H. Kenneth Hudnell: Work together to clean up Jordan Lake

December 26, 2013 

The Dec. 22 editorial “Saving Jordan” assumes that the U.S. Environmental Protection Agency’s policy of implementing nutrient management strategies restores lakes impaired by excessive algal growth (eutrophic). It does not. No eutrophic lake of at least 1,000 acres in size and 90 percent of nutrient input from non-point sources has been restored.

The agency’s watershed management point-source (pipes) program has been successful (now 5 to 10 percent of input), but many non-point-source (everything else) controls are marginally effective yet very expensive. Current policy does not implement the Clean Water Act’s Clean Lakes program, the use of treatments within waterbodies to reduce stress on impaired biochemical processes and enable recovery.

Impaired lakes are analogous to ill humans in need of therapy to recover, and eutrophic waterbodies are already similar to wastewater lagoons in need of treatment.

Predominance by toxigenic cyanobacteria over the beneficial algae at the base of the food web is the direct cause of Jordan’s impairments. Cyanobacterial “blooms” require both high nutrient levels and quiescent, stagnant water. The suspended nutrient management rules aim to reduce phosphorus input into Jordan by 5 percent, a trivial amount that is unlikely to restore Jordan given its huge internal load that recycles to cause “blooms.”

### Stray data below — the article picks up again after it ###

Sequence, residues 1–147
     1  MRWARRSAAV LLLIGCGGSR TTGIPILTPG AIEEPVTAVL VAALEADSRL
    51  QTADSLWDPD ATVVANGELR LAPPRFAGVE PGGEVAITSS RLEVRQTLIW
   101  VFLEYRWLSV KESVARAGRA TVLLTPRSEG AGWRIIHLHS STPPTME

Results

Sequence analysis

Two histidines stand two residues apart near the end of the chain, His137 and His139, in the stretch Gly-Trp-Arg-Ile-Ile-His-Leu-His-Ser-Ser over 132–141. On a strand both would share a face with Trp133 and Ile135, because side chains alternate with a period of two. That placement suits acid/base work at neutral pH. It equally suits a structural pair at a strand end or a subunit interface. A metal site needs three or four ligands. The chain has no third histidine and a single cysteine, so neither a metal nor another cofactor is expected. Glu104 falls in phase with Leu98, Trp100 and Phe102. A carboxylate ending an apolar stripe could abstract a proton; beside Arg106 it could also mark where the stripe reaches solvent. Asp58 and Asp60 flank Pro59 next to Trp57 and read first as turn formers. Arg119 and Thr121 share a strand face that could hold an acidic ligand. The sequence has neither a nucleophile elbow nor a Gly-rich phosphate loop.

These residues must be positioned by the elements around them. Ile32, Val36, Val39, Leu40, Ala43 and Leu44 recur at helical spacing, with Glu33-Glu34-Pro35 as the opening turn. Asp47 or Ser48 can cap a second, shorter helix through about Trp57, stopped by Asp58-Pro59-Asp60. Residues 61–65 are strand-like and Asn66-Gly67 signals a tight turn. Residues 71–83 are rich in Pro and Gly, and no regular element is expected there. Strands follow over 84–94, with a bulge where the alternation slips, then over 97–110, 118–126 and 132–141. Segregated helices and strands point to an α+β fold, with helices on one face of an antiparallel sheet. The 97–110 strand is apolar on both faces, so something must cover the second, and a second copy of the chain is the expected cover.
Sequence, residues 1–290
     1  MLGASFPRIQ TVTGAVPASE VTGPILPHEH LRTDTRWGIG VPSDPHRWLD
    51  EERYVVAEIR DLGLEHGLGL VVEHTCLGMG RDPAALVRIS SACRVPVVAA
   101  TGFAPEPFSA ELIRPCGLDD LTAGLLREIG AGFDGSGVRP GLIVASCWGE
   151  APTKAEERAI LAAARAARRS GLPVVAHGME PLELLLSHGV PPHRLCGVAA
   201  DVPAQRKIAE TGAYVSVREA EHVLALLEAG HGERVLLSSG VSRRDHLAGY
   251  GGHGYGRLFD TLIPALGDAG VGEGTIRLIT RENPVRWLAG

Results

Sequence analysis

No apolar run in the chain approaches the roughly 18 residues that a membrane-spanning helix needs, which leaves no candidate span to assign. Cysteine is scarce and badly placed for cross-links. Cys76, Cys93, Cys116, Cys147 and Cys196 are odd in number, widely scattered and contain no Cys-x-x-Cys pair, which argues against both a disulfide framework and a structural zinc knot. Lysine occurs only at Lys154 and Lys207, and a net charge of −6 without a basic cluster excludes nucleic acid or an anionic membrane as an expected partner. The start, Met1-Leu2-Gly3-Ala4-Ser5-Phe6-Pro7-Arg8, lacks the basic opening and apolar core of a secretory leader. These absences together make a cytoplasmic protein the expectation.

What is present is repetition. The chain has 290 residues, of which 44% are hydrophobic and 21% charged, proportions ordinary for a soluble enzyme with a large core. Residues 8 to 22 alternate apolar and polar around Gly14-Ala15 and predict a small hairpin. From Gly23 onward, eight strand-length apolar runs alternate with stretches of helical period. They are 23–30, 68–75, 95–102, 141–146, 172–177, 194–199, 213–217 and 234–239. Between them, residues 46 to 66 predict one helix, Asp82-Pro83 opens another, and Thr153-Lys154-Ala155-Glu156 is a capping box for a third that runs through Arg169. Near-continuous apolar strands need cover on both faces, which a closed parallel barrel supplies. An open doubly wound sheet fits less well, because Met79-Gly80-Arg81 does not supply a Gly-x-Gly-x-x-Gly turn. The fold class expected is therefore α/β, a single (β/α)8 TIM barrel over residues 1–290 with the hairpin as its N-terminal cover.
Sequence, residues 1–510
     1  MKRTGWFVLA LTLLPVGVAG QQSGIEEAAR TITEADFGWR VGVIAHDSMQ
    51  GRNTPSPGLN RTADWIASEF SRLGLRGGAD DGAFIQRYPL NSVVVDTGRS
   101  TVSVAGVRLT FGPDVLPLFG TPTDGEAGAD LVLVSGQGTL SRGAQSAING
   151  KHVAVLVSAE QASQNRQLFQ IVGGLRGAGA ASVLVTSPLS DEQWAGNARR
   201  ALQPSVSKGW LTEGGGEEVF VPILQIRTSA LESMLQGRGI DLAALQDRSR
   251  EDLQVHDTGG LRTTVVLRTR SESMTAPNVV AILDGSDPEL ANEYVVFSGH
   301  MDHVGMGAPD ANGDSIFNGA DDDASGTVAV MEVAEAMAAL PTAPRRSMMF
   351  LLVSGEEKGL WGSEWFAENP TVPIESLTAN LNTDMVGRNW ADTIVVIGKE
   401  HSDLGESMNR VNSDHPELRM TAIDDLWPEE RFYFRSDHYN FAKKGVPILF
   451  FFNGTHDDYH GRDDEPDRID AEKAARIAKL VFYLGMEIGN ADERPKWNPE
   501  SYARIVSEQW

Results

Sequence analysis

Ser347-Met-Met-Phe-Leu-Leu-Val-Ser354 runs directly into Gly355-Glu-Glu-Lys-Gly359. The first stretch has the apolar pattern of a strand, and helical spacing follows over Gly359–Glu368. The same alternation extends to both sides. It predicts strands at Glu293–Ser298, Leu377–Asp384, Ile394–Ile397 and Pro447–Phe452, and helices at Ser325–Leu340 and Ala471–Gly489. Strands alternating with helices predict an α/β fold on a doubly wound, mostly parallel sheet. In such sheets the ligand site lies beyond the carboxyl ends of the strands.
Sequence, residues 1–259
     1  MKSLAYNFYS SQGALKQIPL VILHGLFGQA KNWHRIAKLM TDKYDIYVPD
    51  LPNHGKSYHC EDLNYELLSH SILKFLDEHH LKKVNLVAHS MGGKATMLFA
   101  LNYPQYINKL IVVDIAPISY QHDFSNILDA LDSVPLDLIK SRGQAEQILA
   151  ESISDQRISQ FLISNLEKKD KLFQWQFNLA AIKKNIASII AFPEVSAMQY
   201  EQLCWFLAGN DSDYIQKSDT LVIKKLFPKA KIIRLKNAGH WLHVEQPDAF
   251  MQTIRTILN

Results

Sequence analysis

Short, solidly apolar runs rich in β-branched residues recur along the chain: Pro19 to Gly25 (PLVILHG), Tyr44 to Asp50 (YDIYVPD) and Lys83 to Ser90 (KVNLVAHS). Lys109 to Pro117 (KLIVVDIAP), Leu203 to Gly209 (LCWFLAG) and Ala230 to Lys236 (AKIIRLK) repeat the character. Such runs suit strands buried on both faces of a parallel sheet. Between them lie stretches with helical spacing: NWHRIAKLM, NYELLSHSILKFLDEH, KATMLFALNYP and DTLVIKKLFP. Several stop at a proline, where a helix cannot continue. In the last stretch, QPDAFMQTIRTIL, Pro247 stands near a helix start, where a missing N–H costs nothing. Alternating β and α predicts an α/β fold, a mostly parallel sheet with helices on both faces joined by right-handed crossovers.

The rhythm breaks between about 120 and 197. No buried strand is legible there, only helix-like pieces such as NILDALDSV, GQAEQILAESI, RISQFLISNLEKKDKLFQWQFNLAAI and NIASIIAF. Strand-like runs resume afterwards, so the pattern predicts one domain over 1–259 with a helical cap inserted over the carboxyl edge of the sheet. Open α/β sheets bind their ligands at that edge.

Medora’s solar-powered, water-circulation technology is successfully suppressing cyanobacteria in about 350 smaller lakes. The current circulation project will assess cyanobacterial suppression in Jordan, while a legislative committee has a comprehensive systems-approach strategy developed. A systems approach combines cost-effective watershed management input controls with several waterbody treatments to suppress cyanobacteria and remove nutrients from the lake and inlets where they are more accessible and concentrations higher. A well-crafted systems approach can eliminate the cyanobacterial “blooms” and health risks from their highly potent toxins, restore Jordan in the near term and protect downstream waters at a fraction of the estimated $1-2 billion cost of the suspended rules.

It’s time we supplement preventive medicine (input controls) with therapy (waterbody treatments) to save Jordan.

H. Kenneth Hudnell

VP and Director of Science, GridBee/SolarBee Medora Corp.

New Bern

The writer’s company has contracted with the state to use floating pumps to stir Jordan Lake. The length limit was waived for a fuller response.

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